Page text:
Document
 
 
 
 
 
UNITED STATES
SECURITIES AND EXCHANGE COMMISSION
Washington, D.C. 20549
FORM 10-Q
(Mark One)
ý
 
QUARTERLY REPORT PURSUANT TO SECTION 13 OR 15(d) OF THE SECURITIES EXCHANGE ACT OF 1934
    
For the quarterly period ended October 7, 2018

or
o
 
TRANSITION REPORT PURSUANT TO SECTION 13 OR 15(d) OF THE SECURITIES EXCHANGE ACT OF 1934

For the transition period from             to            

Commission File Number: 001-34851

RED ROBIN GOURMET BURGERS, INC.
(Exact name of registrant as specified in its charter)
Delaware
 
84-1573084
(State or other jurisdiction of incorporation or organization)
 
(I.R.S. Employer Identification No.)
6312 S. Fiddler’s Green Circle, Suite 200 N
 
 
Greenwood Village, CO
 
80111
(Address of principal executive offices)
 
(Zip Code)
(303) 846-6000
(Registrant’s telephone number, including area code)

(Former name, former address and former fiscal year, if changed since last report)

Indicate by check mark whether the registrant (1) has filed all reports required to be filed by Section 13 or 15(d) of the Securities Exchange Act of 1934 during the preceding 12 months (or for such shorter period that the registrant was required to file such reports), and (2) has been subject to such filing requirements for the past 90 days.  Yes ý   No o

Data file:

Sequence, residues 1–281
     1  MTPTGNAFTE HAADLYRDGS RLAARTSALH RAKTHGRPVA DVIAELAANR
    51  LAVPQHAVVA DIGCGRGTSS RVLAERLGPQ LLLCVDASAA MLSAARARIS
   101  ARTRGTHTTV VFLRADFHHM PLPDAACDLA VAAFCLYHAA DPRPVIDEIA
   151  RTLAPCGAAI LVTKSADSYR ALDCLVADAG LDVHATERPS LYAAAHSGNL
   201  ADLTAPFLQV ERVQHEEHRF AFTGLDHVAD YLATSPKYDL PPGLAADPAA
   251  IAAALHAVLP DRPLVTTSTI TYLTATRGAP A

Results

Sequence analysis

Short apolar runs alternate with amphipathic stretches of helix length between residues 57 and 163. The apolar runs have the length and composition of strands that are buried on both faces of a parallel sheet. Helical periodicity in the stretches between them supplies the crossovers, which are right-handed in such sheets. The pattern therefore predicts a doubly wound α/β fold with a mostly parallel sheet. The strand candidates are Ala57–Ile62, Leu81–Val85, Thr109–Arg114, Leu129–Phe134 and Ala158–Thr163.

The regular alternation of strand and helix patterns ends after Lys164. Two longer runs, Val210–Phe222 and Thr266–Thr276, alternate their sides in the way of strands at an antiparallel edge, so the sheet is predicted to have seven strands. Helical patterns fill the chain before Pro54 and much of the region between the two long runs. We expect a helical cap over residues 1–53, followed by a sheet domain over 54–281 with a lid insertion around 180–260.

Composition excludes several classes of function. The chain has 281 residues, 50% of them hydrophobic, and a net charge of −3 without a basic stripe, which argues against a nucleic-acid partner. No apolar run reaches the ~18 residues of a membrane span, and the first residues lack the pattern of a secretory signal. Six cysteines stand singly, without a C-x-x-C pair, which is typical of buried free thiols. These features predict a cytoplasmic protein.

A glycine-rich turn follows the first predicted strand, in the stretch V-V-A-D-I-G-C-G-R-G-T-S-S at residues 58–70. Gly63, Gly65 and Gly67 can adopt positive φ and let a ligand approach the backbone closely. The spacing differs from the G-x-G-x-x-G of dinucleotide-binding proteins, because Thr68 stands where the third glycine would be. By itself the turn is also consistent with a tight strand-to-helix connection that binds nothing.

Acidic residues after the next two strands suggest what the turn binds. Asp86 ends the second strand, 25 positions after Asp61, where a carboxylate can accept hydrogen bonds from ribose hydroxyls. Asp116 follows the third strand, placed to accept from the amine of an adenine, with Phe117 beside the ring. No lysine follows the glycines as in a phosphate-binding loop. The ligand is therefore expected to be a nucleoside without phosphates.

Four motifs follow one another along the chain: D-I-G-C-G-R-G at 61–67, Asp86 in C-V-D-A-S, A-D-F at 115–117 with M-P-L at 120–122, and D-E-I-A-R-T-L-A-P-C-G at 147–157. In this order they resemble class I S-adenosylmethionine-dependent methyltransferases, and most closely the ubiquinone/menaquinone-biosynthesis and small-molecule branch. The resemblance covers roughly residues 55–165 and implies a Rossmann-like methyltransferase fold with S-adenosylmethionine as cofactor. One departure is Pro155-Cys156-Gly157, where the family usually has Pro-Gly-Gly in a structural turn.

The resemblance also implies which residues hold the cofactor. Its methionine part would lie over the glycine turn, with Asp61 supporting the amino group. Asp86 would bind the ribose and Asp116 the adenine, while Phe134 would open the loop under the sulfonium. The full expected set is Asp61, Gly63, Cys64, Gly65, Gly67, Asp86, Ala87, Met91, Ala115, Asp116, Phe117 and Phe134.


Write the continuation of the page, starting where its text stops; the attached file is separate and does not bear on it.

Indicate by check mark whether the registrant has submitted electronically every Interactive Data File required to be submitted pursuant to Rule 405 of Regulation S-T (§232.405 of this chapter) during the preceding 12 months (or for such shorter period that the registrant was required to submit such files).  Yes ý  No o

Indicate by check mark whether the registrant is a large accelerated filer, an accelerated filer, a non-accelerated filer, smaller reporting company, or an emerging growth company. See the definitions of “large accelerated filer,” “accelerated filer,” “smaller reporting company,” and “emerging growth company” in Rule 12b-2 of the Exchange Act.
Large accelerated filer ý
 
Accelerated filer o
Non-accelerated filer o
 
Smaller reporting company o
 
 
Emerging growth company o

If an emerging growth company, indicate by check mark if the registrant has elected not to use the extended transition period for complying with any new or revised financial accounting standards provided pursuant to Section 13(a) of the Exchange Act. o

Indicate by check mark whether the registrant is a shell company (as defined in Rule 12b-2 of the Exchange Act). Yes o No ý

Indicate the number of shares outstanding of each of the issuer’s classes of common stock, as of the latest practicable date.
Class
 
Outstanding at November 6, 2018
Common Stock, $0.001 par value per share